Let’s have more regionalisation in Rotary: Shekhar Mehta

At the closing session of the Houston Convention, outgoing RI President Shekhar Mehta spelt out the many dreams that he has for Rotary. Encouraging all Rotarians to “dream big” and then work towards realising those dreams, he said his biggest dream was that he wants to see “this great organisation always mentioned among the top 10 in the world. We know how great Rotary is and are so proud of it. We have a 117-year-old history with a footprint in even more countries than the United Nations. We’ve taken on a major task of eradicating a disease when only once in the history of mankind has a virus (smallpox) been wiped out.”

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But yet, “despite all our great work and accomplishments, when you google the world’s top 10 service organisations, Rotary doesn’t throw up at the top. Neither does it come to the top when we search by membership, programme outlay or impact.” His dream was that with its “outstanding experience in public health programmes, Rotary should be invited to the top development sectors for advice, get constantly consulted by the WHO or invited by the UN for advice. We should be invited to speak at the World Economic Forum, and asked by governments in different countries to work with them.”

But to achieve all this, “it is important that we revalue our organisation completely. Today the only measure we have of our revenue, outlay or input is all that is available through the Rotary Foundation.” But that was only part of the complete story, Mehta said, giving the example of India, which received the highest amount — $20 million — as TRF grants. “But is that the full value of the work done by Rotarians in India? No, the real value is at least 10 times greater. But because most of that spending happens at the club level, we do not know the real worth of our work,” he said.

Giving examples, he asked: “How many hospitals and schools have we built and managed? How many heart surgeries have we funded? How many people could access health service because of us? How many thousands of borewells have we sunk across the world and how much money did we spend for projects during the Covid pandemic? We have neither the numbers nor the value.”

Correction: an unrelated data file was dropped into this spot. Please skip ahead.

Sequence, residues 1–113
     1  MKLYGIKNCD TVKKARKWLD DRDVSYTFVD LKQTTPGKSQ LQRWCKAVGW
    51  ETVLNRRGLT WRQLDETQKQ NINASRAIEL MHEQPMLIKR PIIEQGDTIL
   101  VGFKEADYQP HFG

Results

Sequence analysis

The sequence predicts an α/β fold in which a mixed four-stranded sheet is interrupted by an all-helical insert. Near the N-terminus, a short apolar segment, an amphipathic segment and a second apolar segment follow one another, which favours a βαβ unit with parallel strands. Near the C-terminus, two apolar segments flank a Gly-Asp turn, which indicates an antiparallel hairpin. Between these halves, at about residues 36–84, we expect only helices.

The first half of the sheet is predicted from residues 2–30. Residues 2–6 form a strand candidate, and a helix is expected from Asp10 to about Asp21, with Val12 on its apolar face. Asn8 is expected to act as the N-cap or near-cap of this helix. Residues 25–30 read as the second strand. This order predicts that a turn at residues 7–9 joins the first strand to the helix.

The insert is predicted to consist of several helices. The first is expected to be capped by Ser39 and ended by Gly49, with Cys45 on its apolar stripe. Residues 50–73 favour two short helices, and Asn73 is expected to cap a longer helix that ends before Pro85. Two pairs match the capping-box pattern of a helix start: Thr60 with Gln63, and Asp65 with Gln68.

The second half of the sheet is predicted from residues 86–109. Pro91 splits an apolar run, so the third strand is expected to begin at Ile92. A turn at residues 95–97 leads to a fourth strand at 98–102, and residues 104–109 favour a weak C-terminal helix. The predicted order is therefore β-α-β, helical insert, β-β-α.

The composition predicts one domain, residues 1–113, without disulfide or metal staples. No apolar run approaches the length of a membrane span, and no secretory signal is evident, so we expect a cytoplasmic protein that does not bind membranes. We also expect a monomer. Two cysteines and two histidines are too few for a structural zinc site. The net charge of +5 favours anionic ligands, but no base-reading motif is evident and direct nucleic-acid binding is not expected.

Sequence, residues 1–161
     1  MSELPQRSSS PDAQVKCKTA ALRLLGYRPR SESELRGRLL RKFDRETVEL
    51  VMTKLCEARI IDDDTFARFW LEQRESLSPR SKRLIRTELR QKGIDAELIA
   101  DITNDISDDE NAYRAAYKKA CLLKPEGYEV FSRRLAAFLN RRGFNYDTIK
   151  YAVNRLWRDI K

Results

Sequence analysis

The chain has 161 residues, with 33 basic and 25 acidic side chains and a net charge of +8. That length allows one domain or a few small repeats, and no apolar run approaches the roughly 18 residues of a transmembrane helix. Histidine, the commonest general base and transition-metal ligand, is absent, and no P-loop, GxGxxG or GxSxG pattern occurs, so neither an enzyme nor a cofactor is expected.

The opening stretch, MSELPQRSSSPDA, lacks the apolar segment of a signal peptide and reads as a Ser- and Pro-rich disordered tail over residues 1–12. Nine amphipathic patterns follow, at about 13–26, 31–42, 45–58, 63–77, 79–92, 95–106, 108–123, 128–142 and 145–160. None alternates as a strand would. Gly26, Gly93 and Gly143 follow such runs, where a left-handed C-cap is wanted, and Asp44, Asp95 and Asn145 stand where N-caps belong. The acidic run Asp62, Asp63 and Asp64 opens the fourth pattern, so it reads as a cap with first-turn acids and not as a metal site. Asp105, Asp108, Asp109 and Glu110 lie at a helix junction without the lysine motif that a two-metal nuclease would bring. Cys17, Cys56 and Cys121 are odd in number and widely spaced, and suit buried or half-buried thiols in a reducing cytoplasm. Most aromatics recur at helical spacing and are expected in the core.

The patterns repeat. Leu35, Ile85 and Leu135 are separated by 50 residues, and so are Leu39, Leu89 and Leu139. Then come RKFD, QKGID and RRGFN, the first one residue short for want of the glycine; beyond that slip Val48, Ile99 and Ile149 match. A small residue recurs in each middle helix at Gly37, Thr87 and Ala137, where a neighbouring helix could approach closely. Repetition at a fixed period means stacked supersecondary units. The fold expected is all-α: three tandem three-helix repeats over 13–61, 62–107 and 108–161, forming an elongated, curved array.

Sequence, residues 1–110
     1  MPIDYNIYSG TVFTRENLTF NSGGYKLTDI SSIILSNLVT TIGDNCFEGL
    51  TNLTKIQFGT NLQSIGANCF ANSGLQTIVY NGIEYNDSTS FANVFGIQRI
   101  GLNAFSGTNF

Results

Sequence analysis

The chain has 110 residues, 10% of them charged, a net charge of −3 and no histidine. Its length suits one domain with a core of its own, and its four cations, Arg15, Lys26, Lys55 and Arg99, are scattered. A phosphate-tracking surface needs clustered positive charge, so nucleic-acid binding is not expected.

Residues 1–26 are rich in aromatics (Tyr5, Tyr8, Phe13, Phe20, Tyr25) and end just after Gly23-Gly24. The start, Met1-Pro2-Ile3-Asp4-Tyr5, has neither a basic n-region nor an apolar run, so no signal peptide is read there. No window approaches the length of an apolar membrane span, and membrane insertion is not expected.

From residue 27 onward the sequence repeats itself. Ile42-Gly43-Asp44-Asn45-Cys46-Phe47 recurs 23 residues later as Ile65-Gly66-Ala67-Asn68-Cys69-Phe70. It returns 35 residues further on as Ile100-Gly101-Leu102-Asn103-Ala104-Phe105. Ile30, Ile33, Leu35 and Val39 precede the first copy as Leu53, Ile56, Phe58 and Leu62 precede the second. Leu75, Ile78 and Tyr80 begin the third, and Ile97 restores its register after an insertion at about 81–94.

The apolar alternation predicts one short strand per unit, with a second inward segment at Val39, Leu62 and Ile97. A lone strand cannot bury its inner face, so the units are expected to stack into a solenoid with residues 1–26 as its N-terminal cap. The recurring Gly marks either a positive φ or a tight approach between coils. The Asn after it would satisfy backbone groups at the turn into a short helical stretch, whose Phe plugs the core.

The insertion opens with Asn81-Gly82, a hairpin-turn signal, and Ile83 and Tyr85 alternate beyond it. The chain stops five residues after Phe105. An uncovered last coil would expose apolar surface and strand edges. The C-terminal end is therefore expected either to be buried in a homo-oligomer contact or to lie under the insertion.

Because of lack of data, we are underselling the true worth and impact of our oganisation. My dream is for Rotary’s true value, which is in billions and not millions of dollars, to be known to each and everyone.

The result, said Mehta, was that Rotarians did not know “the real value of the organisation itself. Because of lack of data, we are underselling the true worth and impact of our oganisation. My dream is for Rotary’s true value, which is in billions and not millions of dollars, to be known to each and everyone.” It was time that every club recorded details of the value of the work/projects it does, the hours spent, etc. That would give RI a tool to measure the real impact of Rotary.”

 

Give regions a federal flavour

The RI president said another dream of his for a bright future for Rotary was related to Rotary getting a “federal structure, where there is a Rotary Australia, Rotary Africa, Rotary Korea, etc, each of them having their own ethos, culture, practices, governance, etc, but all owing allegiance to RI. One size does not fit all. Rotary in Japan is different from Rotary in America and its not the same in Germany. There should be greater regionalisation of Rotary, to enhance its appeal for local Rotarians and to attract greater membership.”

An important dream of his pertained to an annual growth of two per cent in Rotary’s membership. If every Rotarian followed the ‘each one bring one’ credo introduced by him, this was possible. “This should become the philosophy of the organisation and not just a slogan. Of course, DEI (diver sity, equity, inclusion) will be all pervasive as this is one of our core values which is absolutely non-negotiable. ‘Grow more’ will help us do more. Our contributions to TRF will grow and we’ll be able to do more programmes of scale and projects worth millions of dollars impacting millions of people.”

Rotary should get a federal structure, where there is a Rotary Australia, Rotary Africa, Rotary Korea, each of them having their own ethos, culture, practices, governance, but all owing allegiance to RI. One size does not fit all.

Once these dreams were realised, governments and corporates would partner with Rotary on impactful projects. “More and more corporations are becoming socially responsible and Rotary can be their implementing partner for big projects. Just as we did in polio, we can play a role in nation-building itself. Today we are known best for eradicating polio but soon enough we should be known in Zambia for eradicating malaria, in Haiti for the water projects that we do and for literacy in India.”

The RI president added that the one project started this year that has caught the imagination of Rotarians everywhere is that of empowering girls. “Every place Rashi and I visited, this project was showcased to us and this can be implemented in each of Rotary’s areas of focus, and provides us the potential to do large-scale projects. Different presidents and prime ministers have hailed this initiative and now it’s time to take it forward. Women and girls are half the humanity and should have half the opportunities.”

Mehta signed off his year as president by adding: “These are no ordinary dreams. They will shape the future of our organisation. I am so happy that the board of directors this year spent a lot of time in discussing these transformative issues and we have started moving the needle.”

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